Camp Lejeune is a U.S. Marine Corps base located in Jacksonville, North Carolina. In the 1980s, the U.S. Marine Corps learned that some members of the military, their families, and civilians were exposed to toxic chemicals in the base’s water supply from 1953 to 1987.
Multiple TV and radio ads from law firms across the country have been circulating, offering to help people who were exposed to contaminated water at Camp Lejeune get financial compensation. VERIFY viewer Bill asked on verifythis.com if people need a lawyer to file a claim.
Do people who were exposed to contaminated water at Camp Lejeune need a lawyer to file a claim?
- Honoring our PACT Act of 2022
- U.S. Marine Corps
- U.S. Department of Veterans Affairs
- U.S. Navy Judge Advocate General’s Corps
- Agency for Toxic Substances and Disease Registry (ATSDR)
- Lejeune Justice
- Thom Tillis, U.S. Senator for North Carolina
- Bell Legal Group
- Gary Jackson, attorney and partner at the Law Offices of James Scott Farrin in Durham, North Carolina
No, people who were exposed to contaminated water at Camp Lejeune do not need a lawyer to file a claim.
WHAT WE FOUND
The Marine Corps and the Department of Veterans Affairs (VA) have both acknowledged that some veterans, civilians, and their families could have developed certain health conditions after they were exposed to contaminated drinking water while stationed or working at Camp Lejeune between 1953 and 1987.
The drinking water was found to be contaminated with industrial solvents, such as trichloroethylene (TCE) and perchloroethylene (PCE), benzene, and other harmful chemicals, including vinyl chloride, according to the VA and the Office of U.S. Senator Thom Tillis (R-NC). These chemicals were identified in two on-base water wells at Camp Lejeune at levels ranging from 240 to 3,400 times the levels permitted by safety standards.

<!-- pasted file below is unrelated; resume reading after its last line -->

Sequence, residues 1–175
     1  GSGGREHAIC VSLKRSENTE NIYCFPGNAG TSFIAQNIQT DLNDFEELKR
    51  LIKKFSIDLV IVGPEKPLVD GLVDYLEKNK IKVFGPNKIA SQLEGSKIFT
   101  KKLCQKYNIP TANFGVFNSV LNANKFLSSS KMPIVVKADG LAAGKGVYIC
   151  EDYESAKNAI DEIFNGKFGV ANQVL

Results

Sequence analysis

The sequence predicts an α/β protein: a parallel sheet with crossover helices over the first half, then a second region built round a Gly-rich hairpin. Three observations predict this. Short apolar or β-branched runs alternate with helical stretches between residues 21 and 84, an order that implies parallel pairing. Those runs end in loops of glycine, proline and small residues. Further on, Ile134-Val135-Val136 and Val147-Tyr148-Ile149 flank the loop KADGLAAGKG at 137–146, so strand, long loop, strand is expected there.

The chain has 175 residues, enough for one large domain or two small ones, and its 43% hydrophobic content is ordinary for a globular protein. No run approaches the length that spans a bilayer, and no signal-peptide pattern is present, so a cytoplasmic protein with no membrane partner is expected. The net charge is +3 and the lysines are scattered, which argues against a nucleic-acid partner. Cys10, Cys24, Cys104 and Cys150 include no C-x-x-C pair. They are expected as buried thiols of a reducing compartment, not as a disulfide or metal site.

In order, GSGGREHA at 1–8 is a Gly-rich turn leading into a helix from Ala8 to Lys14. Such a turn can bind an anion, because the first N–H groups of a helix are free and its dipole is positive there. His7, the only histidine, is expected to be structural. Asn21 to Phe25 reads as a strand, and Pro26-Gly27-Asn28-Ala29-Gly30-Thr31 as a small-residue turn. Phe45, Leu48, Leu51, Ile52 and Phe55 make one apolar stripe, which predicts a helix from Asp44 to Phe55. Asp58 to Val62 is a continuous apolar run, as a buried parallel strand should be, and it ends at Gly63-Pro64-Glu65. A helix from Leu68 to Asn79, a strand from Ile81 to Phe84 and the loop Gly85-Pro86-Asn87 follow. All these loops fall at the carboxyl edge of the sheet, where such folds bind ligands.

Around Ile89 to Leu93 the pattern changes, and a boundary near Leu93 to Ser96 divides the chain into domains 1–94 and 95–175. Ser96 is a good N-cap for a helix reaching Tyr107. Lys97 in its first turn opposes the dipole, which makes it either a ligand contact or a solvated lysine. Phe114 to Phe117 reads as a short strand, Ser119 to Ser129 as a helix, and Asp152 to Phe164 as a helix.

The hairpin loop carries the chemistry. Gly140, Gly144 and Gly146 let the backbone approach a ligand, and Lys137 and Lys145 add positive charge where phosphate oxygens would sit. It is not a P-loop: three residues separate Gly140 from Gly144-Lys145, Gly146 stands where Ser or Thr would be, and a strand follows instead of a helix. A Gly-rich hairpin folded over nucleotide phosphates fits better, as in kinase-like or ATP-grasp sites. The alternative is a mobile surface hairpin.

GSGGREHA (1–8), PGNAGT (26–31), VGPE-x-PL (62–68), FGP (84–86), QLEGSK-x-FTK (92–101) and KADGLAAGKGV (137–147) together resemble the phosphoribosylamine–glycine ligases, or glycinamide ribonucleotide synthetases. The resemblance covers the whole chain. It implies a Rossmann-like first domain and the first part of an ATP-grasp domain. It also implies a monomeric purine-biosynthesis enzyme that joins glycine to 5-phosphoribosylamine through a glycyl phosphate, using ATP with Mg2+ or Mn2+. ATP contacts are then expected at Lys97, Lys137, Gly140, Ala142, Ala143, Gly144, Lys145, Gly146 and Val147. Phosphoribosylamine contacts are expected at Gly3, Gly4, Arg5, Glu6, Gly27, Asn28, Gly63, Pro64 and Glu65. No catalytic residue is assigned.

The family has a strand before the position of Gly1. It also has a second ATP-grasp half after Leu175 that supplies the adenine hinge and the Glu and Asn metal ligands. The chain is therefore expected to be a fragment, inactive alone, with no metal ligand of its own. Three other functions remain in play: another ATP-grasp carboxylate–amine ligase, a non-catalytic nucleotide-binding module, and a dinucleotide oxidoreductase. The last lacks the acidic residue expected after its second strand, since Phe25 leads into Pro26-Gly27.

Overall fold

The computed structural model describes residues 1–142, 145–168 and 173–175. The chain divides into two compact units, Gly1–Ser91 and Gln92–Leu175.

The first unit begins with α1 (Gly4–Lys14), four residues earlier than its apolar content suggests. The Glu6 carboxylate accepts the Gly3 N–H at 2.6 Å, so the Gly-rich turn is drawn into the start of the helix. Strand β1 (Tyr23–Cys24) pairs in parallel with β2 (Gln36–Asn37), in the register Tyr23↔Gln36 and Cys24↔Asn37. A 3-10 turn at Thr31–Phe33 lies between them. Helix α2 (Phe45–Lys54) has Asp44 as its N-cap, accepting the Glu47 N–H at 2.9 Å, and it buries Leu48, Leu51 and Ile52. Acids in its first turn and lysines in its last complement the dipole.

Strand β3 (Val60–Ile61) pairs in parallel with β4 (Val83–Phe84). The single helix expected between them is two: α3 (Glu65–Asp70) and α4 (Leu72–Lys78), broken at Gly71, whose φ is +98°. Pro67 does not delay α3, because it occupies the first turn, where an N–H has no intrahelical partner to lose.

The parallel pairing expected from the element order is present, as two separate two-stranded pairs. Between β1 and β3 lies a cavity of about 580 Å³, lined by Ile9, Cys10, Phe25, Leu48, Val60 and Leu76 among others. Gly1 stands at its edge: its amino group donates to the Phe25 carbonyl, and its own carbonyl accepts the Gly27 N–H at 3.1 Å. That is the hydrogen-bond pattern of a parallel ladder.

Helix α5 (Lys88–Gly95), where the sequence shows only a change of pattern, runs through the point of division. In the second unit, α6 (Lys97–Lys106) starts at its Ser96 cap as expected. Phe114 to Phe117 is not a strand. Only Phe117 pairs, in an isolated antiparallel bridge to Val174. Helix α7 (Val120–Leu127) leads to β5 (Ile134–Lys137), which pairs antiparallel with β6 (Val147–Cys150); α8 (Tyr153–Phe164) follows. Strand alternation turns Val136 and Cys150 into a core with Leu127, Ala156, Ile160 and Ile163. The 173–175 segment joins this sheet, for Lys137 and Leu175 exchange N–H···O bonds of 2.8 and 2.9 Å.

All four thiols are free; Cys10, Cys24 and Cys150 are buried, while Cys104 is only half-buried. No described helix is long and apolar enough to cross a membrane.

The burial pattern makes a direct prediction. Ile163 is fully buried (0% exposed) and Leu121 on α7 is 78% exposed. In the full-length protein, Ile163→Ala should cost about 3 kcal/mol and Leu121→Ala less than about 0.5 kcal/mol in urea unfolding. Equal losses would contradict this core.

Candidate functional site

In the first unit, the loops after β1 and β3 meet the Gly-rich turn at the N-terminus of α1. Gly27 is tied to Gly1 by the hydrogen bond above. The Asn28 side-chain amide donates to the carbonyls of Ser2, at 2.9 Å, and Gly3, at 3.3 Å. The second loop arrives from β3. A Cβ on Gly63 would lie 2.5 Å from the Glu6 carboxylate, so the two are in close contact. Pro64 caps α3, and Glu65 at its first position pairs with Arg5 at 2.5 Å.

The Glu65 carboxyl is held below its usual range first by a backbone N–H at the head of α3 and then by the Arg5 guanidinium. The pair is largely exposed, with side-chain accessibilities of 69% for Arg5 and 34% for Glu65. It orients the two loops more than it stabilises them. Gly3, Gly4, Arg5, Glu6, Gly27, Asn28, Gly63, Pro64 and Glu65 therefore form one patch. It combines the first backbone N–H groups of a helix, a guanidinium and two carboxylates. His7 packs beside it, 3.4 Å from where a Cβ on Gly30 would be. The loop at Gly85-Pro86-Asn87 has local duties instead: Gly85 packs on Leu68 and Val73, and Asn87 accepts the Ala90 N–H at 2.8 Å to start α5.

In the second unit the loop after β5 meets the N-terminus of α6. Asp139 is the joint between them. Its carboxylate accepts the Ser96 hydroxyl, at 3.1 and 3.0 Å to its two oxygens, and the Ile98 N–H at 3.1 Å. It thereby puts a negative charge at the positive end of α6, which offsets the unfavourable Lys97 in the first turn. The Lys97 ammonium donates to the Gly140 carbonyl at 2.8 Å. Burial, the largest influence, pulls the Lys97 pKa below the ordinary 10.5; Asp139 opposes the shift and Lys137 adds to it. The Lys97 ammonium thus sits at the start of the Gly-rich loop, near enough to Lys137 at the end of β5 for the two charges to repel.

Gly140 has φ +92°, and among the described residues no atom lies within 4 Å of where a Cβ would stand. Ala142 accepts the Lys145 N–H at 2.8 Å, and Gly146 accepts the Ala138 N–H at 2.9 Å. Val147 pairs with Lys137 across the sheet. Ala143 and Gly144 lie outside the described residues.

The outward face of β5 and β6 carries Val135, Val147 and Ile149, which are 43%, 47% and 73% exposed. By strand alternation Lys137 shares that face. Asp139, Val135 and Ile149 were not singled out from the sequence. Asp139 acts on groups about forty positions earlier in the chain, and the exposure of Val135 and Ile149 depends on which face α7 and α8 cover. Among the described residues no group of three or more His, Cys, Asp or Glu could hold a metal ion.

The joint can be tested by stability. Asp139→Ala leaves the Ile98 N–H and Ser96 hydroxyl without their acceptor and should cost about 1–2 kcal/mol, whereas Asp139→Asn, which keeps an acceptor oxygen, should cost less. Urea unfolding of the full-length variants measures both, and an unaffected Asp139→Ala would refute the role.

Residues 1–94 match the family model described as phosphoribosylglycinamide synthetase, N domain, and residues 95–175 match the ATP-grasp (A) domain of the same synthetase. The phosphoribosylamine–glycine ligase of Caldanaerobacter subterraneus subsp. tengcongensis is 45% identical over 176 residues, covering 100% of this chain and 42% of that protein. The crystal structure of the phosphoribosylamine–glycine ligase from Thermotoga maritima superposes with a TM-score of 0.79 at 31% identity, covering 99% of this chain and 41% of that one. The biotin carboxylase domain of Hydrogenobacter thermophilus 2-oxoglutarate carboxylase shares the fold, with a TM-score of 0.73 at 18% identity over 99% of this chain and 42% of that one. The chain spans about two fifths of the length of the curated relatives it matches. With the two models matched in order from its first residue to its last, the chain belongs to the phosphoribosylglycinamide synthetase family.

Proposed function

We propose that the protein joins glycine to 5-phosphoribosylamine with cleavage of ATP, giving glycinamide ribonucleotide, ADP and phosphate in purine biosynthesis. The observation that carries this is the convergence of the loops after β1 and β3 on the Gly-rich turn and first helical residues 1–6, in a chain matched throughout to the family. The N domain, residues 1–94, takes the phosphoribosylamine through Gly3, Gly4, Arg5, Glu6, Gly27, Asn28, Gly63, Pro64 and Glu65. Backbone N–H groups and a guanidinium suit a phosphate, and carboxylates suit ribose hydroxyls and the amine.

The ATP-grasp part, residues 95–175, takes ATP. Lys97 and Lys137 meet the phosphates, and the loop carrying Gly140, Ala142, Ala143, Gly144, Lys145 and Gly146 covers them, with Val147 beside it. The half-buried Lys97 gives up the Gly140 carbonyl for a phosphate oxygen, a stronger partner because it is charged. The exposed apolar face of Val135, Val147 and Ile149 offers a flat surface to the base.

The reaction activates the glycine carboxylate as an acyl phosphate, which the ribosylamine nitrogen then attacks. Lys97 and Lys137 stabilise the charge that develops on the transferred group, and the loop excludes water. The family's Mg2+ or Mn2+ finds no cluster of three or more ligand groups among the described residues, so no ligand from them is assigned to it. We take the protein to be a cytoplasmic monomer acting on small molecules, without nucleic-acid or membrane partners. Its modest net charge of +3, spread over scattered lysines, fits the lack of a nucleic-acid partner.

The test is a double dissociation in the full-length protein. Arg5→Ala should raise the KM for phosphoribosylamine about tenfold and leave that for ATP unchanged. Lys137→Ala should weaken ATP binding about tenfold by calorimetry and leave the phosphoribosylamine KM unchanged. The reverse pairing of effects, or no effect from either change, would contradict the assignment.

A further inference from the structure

“Scientific and medical evidence has shown an association between exposure to these contaminants during military service and development of certain diseases later on,” the VA says on its website.
More from VERIFY: Yes, a passport study letter from the U.S. State Department is real
Veterans who were stationed at Camp Lejeune have been fighting for years to get health care benefits and compensation for illnesses they claim they developed after being exposed to contaminated water at the base. And on Aug. 10, 2022, the Honoring our Promise to Address Comprehensive Toxics (PACT) Act was signed into law.
The law provides expanded access to health care and disability benefits for veterans harmed by certain toxic exposures. It also includes a provision known as the Camp Lejeune Justice Act of 2022 that allows people affected by the contaminated water to file a federal lawsuit to seek compensation for things like medical expenses, lost wages and pain and suffering.
The U.S. Navy Judge Advocate General’s Corps does not say eligible people need a lawyer to file a claim under the Camp Lejeune Justice Act of 2022. The law itself says a lawyer can file on behalf of eligible people, but that these people are also permitted to file individually. So people are not required to hire a lawyer to file a claim. In fact, the Navy has a process established for people filing on behalf of themselves.